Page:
It is hard to imagine that Janáček’s operas, now part of the standard repertoire, languished so long in obscurity and struggled hard for acceptance. It was Sir Charles Mackerras, the great champion of Jancek’s work, who introduced Káťa Kabanová to an unsuspecting and largely unappreciative British public in 1951, and it is Mackerras who returns to conduct this production. “He is the man!” Spence declares. “It’s an extremely difficult piece and when a piece like this is done it’s usually a conductor who knows it but is insecure with it, but [Mackerras] is completely on top of it.” The opera is notoriously intense but Spence is upbeat about rehearsals: “in my experience of intense operas, you tend to be quite light in the rehearsal room, and just shake off the intensity of it all.”
“in my experience of intense operas, you tend to be quite light in the rehearsal room”
Weighing heavily on his mind must be the role of Tom Rakewell, which Spence will be playing in three different productions of The Rake’s Progress, in four different opera houses over the next few years. It is a role that will demand a cold-hearted caddishness as yet unseen in Spence (though there’s certainly an element of Dorian Gray in this youthful 37-year-old) and will provide a real sense of focus for the next couple of years. “It’s an extremely long and challenging role and I just can’t wait to get going, but I don’t expect to really start being satisfied with it until the fourth one, even beyond that.”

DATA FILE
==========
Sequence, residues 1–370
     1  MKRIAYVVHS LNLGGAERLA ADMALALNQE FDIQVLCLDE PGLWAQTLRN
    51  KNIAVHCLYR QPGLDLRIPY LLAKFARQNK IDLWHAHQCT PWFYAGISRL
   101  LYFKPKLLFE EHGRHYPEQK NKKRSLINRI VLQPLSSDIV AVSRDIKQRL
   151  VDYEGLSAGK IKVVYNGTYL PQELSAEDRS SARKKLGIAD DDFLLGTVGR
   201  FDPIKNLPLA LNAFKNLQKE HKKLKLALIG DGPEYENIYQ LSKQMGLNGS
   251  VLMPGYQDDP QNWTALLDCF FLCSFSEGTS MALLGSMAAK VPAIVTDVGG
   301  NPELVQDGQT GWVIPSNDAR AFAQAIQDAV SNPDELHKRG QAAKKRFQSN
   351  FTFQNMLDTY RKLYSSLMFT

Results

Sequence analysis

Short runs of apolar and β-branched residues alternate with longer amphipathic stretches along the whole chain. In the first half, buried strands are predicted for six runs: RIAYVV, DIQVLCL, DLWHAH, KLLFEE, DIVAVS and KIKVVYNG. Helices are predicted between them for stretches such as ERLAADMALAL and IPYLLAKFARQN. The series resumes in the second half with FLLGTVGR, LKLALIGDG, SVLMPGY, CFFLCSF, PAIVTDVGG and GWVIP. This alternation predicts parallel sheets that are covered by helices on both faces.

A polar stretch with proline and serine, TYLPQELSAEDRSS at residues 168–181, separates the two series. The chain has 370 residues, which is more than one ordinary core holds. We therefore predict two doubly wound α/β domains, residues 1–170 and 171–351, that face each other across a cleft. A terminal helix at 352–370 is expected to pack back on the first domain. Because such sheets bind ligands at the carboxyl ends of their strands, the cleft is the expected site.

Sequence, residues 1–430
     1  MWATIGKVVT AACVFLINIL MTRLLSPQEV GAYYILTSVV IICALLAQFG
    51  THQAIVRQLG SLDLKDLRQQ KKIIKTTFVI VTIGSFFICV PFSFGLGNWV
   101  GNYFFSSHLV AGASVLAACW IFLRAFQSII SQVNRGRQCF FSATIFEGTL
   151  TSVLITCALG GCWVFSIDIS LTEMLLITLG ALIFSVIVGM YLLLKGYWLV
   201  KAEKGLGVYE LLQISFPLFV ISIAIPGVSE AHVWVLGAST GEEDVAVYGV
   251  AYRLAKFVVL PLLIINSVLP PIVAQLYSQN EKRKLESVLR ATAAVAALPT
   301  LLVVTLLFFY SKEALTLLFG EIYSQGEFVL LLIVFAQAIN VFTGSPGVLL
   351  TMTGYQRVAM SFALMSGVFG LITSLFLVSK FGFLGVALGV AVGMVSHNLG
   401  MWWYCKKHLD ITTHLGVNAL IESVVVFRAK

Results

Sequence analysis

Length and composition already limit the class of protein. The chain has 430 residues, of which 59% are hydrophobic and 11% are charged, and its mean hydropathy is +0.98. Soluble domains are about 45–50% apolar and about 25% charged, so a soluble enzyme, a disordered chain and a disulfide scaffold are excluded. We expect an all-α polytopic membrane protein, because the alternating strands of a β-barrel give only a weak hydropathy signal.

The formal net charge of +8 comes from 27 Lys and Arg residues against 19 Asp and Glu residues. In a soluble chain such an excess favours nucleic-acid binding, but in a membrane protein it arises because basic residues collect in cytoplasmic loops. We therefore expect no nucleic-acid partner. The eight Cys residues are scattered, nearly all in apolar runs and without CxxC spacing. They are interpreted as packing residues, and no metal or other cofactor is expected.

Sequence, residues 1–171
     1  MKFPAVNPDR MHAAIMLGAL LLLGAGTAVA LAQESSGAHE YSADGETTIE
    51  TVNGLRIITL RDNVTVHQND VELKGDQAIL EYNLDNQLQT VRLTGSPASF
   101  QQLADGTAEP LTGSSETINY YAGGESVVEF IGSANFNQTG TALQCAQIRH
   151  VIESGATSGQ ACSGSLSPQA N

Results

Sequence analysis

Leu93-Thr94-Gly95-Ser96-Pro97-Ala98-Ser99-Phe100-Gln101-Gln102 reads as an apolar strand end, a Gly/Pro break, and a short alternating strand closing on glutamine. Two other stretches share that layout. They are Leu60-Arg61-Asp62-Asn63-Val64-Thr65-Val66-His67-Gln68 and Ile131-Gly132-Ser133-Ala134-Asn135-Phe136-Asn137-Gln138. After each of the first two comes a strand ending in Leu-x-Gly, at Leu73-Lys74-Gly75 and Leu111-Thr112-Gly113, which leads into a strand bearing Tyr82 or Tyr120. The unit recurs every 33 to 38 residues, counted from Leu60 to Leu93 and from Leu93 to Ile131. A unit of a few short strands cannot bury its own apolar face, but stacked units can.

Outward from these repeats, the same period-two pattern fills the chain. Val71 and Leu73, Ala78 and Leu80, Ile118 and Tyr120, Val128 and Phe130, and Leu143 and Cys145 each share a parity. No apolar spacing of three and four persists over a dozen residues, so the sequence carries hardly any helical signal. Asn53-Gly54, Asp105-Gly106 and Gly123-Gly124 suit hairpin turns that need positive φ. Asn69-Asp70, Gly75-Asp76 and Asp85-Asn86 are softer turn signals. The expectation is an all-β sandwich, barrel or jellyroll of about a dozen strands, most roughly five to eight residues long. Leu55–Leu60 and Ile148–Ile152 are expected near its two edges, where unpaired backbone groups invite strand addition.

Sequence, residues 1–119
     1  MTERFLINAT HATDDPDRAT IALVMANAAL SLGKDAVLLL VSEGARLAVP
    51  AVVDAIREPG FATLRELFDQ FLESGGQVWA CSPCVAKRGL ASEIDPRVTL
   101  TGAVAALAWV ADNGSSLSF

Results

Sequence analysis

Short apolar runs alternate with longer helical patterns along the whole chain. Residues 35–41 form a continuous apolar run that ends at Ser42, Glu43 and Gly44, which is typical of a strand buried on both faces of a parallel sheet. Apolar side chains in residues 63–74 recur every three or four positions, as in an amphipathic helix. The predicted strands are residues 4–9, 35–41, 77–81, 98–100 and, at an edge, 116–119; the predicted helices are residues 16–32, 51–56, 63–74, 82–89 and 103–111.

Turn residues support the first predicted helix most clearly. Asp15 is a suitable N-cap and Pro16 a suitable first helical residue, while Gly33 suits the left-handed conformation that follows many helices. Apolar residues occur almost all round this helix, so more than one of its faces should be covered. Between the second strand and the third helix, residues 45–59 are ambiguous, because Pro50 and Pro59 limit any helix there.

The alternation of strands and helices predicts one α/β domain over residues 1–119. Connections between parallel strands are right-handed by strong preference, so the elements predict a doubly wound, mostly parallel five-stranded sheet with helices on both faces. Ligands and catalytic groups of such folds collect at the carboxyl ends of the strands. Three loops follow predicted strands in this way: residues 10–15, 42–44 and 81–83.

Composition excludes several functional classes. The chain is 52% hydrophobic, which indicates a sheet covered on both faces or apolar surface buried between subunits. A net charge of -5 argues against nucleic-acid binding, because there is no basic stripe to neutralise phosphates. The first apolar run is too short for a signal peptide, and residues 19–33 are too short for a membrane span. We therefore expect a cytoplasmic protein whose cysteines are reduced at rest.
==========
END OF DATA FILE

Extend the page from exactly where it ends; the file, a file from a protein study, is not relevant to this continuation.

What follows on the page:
In the meantime, Spence is booked to appear at the Aldeburgh Festival his first performance there since his auspicious debut as a 13-year-old oboist in the IAPS (prep schools) orchestra. It means another collaboration with Adès who will provide piano accompaniment and perform his own work, Darknesse Visible at the same concert but this time Spence got to choose his own programme, which will involve a couple of Purcell songs, and some Britten, of course. “When I told Tom we were going to do the Michelangelo Sonnets he goes [mock deep voice] ‘oh…I’ll practice my octaves.’ Very damning!” he says, roaring with laughter. “I adore TomI love being around him and hearing his silly comments, and brilliant comments too.”
Spence’s contribution to the festival founded by Britten will be a fitting tribute to the great man. It was, after all, an early encounter with Britten’s Peter Grimes that first inspired him to sing professionally. “That was the one. I was captivated by the music, I came out absolutely spellbound by it, and knew that I would be privileged to strive towards something like that.”
Ktya Kabanov plays at The Royal Opera House on 12, 22, 25, 28 June, 2, 5 July 2007.
Tickets are available at roh.org.uk